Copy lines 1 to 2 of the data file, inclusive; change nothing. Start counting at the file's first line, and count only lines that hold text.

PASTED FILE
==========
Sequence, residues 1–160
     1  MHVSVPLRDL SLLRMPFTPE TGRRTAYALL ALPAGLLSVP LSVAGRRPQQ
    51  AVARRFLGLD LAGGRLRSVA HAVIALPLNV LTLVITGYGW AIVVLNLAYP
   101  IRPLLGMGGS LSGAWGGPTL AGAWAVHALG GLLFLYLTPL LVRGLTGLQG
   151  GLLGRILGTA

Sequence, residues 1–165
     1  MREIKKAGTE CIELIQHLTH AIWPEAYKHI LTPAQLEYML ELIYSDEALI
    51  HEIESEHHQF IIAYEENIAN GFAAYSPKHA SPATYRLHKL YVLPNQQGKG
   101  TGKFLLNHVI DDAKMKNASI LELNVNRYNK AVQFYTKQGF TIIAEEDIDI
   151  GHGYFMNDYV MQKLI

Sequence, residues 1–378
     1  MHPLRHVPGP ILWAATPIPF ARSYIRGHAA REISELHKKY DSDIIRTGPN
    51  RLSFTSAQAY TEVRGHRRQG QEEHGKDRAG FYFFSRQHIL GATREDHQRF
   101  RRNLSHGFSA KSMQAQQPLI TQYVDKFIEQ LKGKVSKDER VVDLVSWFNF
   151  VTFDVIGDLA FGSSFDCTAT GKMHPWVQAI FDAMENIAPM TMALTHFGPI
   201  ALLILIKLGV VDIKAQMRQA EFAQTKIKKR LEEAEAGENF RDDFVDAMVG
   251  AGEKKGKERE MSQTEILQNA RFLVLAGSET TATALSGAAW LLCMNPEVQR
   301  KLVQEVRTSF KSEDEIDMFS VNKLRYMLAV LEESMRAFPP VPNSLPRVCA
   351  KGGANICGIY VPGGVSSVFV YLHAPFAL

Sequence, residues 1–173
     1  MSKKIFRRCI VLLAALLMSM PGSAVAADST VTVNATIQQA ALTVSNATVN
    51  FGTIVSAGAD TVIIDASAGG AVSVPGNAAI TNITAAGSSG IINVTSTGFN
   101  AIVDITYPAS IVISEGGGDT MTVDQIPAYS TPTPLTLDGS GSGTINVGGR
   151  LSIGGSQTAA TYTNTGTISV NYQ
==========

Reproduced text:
Sequence, residues 1–160
     1  MHVSVPLRDL SLLRMPFTPE TGRRTAYALL ALPAGLLSVP LSVAGRRPQQ